In 2007, I was asked by a friend if I would edit the novel she was writing. I couldn't pass up the opportunity and it was while working on this that I came into contact with other authors who needed help with their manuscripts. I was in my element and having such a great time, that it was then that I began to think about starting my own business. It was a daunting prospect but with the encouragement of friends and family, I decided to see if I could do it.



It took a long while to decide how I was going to do this and what I was going to call the company, but in time I decided to name the business after my favorite song of all time. 'One Voice' by Barry Manilow. I have been a fan of Barry's for many years and the words to the song describe exactly how I saw my company, that 'one voice' really can bring people together and make a difference.

I began building the company up and eventually found myself with a clientele of extremely talented writers. I felt honored and privileged to be working with all of them. One of my clients who had written a beautiful short story asked me if I would like to narrate the story and make it into an audio book. My instant reaction was 'no', because the thought of performing filled me with dread.

For many years, I have been writing lyrics and songs (the story behind this would take another blog), but when I'm in the studio overseeing the production of my songs, I like to stay on the recording engineer's side of the room.

I never would have imagined myself in the recording booth actually recording anything. My client however, had more faith in me than I had in myself and in the end, I agreed to give it a try.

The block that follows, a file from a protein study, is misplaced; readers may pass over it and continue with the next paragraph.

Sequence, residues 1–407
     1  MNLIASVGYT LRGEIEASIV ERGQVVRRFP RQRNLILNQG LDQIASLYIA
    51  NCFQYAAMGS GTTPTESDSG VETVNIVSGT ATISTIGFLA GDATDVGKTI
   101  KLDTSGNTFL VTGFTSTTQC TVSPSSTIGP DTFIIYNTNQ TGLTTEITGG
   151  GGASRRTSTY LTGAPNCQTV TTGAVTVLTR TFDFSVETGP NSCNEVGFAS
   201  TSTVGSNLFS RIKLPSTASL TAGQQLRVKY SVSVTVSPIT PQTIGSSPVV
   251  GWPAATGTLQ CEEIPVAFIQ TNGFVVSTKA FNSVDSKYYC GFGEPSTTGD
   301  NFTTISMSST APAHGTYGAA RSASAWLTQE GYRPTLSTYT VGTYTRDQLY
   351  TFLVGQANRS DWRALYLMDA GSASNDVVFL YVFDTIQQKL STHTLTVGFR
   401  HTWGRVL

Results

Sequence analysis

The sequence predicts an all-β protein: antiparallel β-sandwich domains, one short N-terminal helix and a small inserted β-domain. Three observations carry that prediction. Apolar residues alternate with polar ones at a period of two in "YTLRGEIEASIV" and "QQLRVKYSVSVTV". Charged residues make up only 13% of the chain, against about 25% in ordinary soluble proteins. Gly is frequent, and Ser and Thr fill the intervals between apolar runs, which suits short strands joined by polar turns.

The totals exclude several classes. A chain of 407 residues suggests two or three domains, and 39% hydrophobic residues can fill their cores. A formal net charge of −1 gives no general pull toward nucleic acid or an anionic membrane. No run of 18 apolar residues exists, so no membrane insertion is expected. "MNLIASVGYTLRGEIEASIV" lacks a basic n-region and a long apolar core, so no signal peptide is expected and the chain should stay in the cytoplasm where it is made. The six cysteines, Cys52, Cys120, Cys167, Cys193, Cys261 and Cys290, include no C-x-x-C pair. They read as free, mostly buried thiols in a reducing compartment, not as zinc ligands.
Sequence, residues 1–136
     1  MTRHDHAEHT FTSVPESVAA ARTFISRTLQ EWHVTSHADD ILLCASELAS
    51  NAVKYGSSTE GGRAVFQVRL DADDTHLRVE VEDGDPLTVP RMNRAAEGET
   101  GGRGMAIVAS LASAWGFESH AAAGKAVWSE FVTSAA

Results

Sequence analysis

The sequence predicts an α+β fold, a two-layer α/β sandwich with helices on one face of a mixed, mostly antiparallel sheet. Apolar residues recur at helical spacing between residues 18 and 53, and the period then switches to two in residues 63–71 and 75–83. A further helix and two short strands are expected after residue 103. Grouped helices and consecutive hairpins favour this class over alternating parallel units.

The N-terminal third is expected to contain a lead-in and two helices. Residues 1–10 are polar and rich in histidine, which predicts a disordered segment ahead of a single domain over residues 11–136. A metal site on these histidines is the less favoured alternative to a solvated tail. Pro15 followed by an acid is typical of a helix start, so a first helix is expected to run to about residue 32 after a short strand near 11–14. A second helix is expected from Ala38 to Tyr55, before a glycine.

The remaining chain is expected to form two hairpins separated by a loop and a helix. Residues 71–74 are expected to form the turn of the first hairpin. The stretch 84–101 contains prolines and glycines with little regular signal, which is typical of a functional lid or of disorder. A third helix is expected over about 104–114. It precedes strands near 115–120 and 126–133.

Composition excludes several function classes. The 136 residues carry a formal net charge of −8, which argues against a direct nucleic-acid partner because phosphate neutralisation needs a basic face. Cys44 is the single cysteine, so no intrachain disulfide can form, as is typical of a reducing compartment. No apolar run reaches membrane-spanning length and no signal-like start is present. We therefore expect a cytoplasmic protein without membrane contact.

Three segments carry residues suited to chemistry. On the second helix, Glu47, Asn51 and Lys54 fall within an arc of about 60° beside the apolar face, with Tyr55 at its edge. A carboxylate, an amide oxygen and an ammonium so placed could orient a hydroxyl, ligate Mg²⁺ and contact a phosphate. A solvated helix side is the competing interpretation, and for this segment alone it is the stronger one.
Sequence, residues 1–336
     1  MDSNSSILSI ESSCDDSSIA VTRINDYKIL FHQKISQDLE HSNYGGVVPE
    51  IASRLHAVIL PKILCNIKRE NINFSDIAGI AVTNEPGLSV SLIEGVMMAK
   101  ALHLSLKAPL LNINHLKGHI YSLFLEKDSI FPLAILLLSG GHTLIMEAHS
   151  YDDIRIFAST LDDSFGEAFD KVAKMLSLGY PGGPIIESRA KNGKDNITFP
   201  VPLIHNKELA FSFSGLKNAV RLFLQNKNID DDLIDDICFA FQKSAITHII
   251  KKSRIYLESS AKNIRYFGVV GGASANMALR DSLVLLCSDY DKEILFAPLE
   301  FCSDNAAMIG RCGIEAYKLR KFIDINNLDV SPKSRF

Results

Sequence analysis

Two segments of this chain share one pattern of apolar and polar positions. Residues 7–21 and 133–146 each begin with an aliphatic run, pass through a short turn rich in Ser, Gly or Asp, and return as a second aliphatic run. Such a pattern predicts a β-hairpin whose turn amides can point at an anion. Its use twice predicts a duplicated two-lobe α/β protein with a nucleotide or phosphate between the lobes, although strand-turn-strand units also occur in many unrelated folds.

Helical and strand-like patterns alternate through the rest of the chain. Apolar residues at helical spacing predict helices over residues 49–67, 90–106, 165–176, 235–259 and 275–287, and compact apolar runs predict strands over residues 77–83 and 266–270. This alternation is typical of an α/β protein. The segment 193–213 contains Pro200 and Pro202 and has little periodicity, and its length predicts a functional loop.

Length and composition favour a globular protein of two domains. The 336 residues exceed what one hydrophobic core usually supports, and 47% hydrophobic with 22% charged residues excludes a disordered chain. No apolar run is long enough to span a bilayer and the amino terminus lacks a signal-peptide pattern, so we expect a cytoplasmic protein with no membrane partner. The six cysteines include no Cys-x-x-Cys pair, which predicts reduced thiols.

The recording was a complete success and I enjoyed the process so much that I recently signed up to ACX, the audio subsidiary for Amazon. I hope to be employed by authors to narrate their books for them.



I always tell everyone I come into contact with that they are capable of anything, but I think we are all guilty of being great at giving other people advice, while being terrible at taking our own advice.

Sometimes, it does take other people's encouragement and belief in you to make you see that anything is possible. When I think back to the quiet, shy, unassuming person I was in school; someone who couldn't stand up for herself; someone who wouldn't speak up, someone who was scared of the world… that person was now running her own business and finding herself doing things she never even dreamed of.

I have learned that there is always a way out, always hope, always the possibility of becoming the person you always wanted to be.

The point I am trying to make is that you can do anything if you put your mind to it. You can think about doing something, and you can wish you could do something, but you've got to take action towards making it happen.